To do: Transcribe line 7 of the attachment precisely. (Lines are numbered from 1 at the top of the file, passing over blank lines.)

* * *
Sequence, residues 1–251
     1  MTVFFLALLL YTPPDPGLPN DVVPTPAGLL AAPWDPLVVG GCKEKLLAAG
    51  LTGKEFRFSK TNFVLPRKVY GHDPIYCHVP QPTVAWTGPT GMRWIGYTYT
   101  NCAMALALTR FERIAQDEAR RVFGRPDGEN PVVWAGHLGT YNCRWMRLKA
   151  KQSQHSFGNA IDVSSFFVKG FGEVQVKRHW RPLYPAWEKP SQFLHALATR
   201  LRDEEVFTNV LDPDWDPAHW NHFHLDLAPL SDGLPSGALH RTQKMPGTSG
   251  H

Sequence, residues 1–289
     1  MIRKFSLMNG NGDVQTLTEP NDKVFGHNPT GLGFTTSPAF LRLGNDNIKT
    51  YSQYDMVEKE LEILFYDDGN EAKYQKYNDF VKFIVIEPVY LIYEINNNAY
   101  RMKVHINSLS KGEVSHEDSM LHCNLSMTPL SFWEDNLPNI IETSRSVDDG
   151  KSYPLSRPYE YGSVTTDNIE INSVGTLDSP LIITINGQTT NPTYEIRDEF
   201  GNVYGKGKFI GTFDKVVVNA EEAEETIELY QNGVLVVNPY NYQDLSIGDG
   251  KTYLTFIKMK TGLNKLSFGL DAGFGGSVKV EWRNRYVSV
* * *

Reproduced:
   251  H